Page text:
More than a week after the World Health Organization issued its claim that a toddler with pneumonia in China had contracted drug-resistant tuberculosis, Arizona-based researchers are saying their findings suggest the disease occurred naturally.
In the first case of drug-resistant TB reported in nearly a year in the country, WHO said the cough-sore child’s symptoms were consistent with having come into contact with drug-resistant tuberculosis found in other travelers from China who returned to the U.S.
In a press briefing held by China on Wednesday, government officials defended their handling of the outbreak that affected 23 people and killed one.
Zheng Jing, from the Doctors Against Tuberculosis Foundation, told The New York Times that the situation was much more serious than WHO claimed, adding that Chinese officials didn’t appropriately diagnose the case early on.
“There are no specific symptoms,” he said. “This could have been known from the outset.”
“Perhaps during the prevention campaign in late January, nobody noticed something was different,” he added.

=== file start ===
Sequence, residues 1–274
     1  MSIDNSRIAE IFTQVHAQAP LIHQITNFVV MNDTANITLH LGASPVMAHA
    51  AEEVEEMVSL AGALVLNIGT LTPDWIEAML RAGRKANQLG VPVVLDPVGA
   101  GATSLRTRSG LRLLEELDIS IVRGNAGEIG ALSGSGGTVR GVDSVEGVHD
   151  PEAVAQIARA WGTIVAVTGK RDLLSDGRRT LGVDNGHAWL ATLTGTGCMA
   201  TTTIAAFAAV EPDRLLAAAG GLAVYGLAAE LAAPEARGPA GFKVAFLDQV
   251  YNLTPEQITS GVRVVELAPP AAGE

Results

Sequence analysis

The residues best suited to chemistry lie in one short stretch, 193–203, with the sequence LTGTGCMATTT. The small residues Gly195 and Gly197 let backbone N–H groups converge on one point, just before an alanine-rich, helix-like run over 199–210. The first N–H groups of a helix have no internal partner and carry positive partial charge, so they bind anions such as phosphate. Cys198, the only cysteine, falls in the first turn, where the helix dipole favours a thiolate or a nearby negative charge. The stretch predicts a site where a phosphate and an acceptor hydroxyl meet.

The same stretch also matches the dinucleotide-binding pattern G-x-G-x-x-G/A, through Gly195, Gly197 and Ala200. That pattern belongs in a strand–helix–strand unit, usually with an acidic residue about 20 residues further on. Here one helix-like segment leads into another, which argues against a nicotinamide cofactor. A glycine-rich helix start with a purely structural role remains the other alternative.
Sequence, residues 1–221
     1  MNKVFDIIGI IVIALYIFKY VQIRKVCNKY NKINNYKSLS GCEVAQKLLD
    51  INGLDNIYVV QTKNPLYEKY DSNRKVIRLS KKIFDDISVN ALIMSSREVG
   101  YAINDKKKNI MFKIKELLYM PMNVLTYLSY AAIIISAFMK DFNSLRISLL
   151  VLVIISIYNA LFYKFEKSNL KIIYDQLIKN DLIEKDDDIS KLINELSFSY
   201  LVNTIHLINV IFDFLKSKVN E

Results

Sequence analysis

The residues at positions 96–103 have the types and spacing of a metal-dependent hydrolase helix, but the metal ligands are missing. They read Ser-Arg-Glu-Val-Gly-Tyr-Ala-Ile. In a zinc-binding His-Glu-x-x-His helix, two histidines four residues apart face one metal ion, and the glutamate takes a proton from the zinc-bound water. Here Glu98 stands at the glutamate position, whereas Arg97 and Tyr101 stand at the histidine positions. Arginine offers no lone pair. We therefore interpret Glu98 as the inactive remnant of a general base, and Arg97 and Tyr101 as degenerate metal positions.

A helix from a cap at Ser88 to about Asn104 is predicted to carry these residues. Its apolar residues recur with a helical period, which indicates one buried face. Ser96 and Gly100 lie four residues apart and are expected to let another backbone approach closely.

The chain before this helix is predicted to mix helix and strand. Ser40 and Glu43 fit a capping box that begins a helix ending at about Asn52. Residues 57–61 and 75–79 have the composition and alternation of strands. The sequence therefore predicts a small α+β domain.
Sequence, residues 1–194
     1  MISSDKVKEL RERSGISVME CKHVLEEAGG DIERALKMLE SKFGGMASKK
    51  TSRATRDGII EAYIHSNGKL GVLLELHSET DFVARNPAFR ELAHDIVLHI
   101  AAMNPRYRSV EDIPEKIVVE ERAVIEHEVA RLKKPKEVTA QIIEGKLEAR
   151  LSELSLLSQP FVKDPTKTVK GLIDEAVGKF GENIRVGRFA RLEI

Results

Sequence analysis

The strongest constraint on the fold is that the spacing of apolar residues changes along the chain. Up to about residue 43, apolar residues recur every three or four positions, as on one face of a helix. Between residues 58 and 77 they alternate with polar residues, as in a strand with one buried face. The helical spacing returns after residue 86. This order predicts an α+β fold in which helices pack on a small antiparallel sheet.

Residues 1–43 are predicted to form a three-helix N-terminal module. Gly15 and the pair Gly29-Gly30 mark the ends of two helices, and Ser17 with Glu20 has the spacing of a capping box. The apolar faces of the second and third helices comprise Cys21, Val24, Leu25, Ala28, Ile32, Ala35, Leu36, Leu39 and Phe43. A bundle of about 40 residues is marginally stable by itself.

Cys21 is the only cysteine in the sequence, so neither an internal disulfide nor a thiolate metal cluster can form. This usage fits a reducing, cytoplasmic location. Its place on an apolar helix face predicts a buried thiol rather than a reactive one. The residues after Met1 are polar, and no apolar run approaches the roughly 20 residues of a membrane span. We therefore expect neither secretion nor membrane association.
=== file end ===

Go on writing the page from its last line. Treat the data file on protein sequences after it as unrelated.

McNees Wilson, from the School of Life Sciences at the University of Arizona, said in a statement to Fox News on Friday that it was “initially evident” the first case had been caused by drug-resistant tuberculosis from Wuhan.
McNees said the first test was negative, but further analysis found that the patient’s pneumonia was resistant to “Hepsera R such a drugs.”
“The CDC data show that infections are rare. We fully expect that the first case observed here in COVID-19 will become an isolated event when compared to the circumstances of other high-profile pandemics like the current Ebola,” he added.
“That said, it’s important to realize that cases that originate in China are extremely rare. They occur most often from travelers coming into contact with other travelers from Chinese infected with TB.”